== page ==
Fringe chief says the price of fame is well worth paying for
Days after comedian Stewart Lee triggered anger by claiming that the Fringe was being killed off by over-commercialisation, Kath Mainland insisted the event is in rude health.
And she told a “Fringe Survival Guide” event yesterday that making a profit was not essential to have a successful show when there were so many other potential benefits.
She said there were a whole host of other reasons for companies to bring a show to Edinburgh, including raising their profile within the industry, attracting media attention, seeing other world-class productions, and enjoying the opportunity to learn from other productions and performers.
This year’s Fringe, which boasts more shows than ever before, has seen mounting concern from some promoters and venue managers about acts and companies having to fork out large sums or guarantees to secure a slot at the Fringe.
At the weekend, Nica Burns, director of the Foster’s Edinburgh Comedy Awards, defended the practice, saying it was essentially to help temporary venues balance their books.
Yesterday’s event, inspired by critic Mark Fisher’s acclaimed book on how to survive the Fringe experience, heard from one Australian performer that she and her stage partner had forked out £15,000 to allow them to bring a show to Edinburgh, but considered the cost “an investment.”
However Tess Waters, a first-time Edinburgh performer starring in the show Sexytime at the Underbelly, said she felt the move was already paying off.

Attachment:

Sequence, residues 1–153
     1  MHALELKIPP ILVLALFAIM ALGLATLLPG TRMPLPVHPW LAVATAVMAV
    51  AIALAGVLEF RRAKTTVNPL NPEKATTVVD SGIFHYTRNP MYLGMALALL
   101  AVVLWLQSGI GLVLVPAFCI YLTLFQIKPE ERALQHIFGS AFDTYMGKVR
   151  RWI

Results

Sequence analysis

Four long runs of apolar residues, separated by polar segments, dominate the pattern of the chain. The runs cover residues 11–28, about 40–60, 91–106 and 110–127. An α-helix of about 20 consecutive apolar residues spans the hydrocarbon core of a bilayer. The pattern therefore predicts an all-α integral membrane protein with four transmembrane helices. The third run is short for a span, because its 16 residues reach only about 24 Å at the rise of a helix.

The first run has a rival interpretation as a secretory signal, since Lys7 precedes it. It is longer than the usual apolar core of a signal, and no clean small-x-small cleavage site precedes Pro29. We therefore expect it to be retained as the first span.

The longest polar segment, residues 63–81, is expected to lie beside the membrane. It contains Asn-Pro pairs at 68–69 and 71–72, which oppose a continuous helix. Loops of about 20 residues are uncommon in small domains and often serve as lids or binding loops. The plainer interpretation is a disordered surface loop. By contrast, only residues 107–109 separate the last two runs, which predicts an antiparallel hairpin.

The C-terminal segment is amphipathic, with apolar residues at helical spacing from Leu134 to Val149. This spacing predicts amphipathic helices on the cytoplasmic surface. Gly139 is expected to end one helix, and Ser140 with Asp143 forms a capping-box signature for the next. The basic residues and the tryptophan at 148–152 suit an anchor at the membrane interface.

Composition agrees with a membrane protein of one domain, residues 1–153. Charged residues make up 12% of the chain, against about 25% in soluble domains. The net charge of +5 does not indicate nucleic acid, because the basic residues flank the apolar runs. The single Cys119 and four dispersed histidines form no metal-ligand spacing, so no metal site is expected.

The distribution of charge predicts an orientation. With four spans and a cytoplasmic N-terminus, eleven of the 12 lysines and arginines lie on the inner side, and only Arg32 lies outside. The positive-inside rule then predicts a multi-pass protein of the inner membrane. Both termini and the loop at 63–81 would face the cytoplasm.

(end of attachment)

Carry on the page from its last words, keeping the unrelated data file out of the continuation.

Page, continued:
“I would definitely consider the cost of coming here and putting the show on as an investment. We are effectively launching ourselves in the UK with this show in Edinburgh.
“We are having to work extremely hard, including flyer-ing for at least two hours a day and trying to do as many guest slots in other shows as we can, but we are already building a really good audience every night.”
Ms Mainland said she would advise theatre groups to come to Edinburgh in advance if possible to sample the Fringe, seek out potential venues and work out what is their best work to put on in the city.
She added: “We always start out by asking groups what they want to achieve when they come here.
“For some people, it is about making money, for others it is the exposure, or the media profile, or simply of being a part of the festival.
“Professional development can be a great thing in Edinburgh as well. You can learn from other artists. With 20,000 performers at the Fringe, sharing the same spaces for three or four weeks, it can also be quite an intense experience.”